The Alexandria Court of Urgent Matters resumed its sessions Tuesday, in a lawsuit demanding the banning of the 6 April Youth Movement and listing them as a “terrorist organisation”.
“I don’t think we need the court verdict in particular, the newly passed terrorism law has banned all groups, not just 6 April,” spokesperson for the group’s political bureau Sherif El-Roubi told Daily News Egypt.
El-Roubi slammed the Egyptian judicial system, saying that 6 April does not and will not acknowledge any court decisions.
“The system is a joke”, he said, justifying his stance stating that the “judicial system jailed revolutionaries on Monday and acquitted former regime figures the next day”.
6 April is an independent movement, not an official established organisation as the lawsuit claims. Twelve of their members are currently detained, including one who received a 15-year prison term in the Monday Shura Council trial. The defendant was sentenced in absentia, but El-Roubi explained that the reason for his absence is that he was in jail due to his arrest during the protests commemorating the 25 January Revolution.
Others were sentenced to three years in the Itihadiya Palace clashes case, involving activist Sana’a Seif. El-Roubi himself was arrested recently and detained for a day in Azbekiya police station, but released shortly after.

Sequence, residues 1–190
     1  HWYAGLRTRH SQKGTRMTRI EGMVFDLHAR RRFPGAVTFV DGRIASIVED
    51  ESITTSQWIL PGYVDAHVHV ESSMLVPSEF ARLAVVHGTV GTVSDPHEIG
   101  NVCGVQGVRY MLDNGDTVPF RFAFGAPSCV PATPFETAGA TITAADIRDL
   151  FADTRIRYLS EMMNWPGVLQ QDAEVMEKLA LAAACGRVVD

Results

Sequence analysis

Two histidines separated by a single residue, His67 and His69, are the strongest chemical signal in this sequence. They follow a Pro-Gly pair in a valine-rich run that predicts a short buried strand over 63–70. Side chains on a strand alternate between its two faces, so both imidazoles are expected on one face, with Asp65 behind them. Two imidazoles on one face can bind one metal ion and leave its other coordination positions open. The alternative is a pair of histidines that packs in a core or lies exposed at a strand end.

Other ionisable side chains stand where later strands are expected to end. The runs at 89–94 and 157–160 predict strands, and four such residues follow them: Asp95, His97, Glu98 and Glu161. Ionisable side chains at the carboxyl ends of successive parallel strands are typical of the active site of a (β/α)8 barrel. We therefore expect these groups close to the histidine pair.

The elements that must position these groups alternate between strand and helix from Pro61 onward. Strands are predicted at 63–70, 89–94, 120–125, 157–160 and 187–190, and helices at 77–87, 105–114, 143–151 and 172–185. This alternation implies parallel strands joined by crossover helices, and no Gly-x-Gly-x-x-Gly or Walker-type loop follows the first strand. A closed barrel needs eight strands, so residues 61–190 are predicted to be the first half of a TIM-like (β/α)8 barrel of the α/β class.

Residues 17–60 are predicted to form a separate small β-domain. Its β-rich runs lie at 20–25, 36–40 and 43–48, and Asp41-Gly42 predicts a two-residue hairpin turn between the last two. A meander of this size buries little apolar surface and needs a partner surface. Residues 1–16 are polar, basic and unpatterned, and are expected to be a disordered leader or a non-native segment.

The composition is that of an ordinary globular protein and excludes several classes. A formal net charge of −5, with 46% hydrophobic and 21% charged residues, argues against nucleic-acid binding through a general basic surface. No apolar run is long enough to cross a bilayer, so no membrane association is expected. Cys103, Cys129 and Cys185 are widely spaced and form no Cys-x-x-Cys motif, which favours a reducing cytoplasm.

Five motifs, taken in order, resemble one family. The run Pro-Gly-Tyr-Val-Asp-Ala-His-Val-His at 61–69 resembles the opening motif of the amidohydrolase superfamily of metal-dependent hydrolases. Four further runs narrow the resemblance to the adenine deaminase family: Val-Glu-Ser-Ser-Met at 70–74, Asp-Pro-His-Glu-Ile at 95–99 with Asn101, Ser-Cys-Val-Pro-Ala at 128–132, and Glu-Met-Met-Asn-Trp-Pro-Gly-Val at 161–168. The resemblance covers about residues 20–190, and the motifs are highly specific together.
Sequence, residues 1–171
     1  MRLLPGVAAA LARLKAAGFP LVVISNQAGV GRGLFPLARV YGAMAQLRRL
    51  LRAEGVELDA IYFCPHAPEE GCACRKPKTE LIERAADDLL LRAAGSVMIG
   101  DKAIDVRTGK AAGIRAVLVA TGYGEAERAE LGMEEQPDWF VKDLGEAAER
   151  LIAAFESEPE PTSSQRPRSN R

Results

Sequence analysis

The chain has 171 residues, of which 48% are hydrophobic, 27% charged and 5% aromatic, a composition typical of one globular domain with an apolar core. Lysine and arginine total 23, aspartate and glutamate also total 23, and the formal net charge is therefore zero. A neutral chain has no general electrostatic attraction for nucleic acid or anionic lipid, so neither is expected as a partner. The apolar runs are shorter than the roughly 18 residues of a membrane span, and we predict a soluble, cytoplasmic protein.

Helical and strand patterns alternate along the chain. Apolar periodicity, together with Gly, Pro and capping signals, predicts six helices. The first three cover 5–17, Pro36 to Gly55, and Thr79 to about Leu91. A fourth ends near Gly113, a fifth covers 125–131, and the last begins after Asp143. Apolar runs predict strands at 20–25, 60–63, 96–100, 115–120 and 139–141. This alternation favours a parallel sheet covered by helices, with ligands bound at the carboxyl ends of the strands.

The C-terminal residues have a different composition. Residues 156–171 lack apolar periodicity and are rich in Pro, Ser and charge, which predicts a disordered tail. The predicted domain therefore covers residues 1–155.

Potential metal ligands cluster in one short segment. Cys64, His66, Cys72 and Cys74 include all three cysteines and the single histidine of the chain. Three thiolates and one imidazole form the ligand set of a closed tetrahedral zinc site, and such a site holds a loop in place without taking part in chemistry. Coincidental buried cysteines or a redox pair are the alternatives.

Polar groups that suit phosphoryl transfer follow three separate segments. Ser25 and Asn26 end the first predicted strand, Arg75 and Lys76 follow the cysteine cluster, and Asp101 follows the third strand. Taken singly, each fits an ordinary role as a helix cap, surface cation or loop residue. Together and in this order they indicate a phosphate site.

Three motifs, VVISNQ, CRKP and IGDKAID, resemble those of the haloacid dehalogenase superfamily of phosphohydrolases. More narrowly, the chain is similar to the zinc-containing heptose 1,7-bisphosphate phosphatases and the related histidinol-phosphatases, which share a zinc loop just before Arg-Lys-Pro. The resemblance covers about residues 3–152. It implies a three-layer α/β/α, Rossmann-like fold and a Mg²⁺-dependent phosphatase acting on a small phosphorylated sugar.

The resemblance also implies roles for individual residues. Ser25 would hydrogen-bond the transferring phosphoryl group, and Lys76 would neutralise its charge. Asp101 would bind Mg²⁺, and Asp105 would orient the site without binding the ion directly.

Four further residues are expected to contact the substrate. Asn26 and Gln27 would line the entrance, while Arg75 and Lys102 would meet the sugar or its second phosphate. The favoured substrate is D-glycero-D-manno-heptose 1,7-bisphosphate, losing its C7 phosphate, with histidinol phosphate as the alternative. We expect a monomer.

He said he was arbitrarily arrested by a police officer who knew him personally while he was on the streets around the hours of dawn.
In another incident of random arrests of citizens on the streets, El-Roubi said police arrested as many as 40 people on the streets and made them pay money to let them go. “They made about EGP 2,000 in half an hour,” he said.
El-Roubi was among those who were taken to the police station. He said a man paid his way out of the station, even though the officer informed him there were nine verdicts issued against him. “Nine verdicts and he walked away free,” he said.
El-Roubi sad he was disappointed to see famous political figures who defended the revolution and stood up for freedom and human rights, join efforts with politicians to gain parliamentary seats. This was despite their being well aware of the politicians’ corruption.
“As for us in 6 April, we do not allow our members to take part in the government, as we have no aspirations for political power, we only want reforms in the system,” he continued.
6 April played an influential role in the 25 January Revolution and in the recent history of Egypt’s protests, dating back to 2008, when they supported a wide movement of civil disobedience.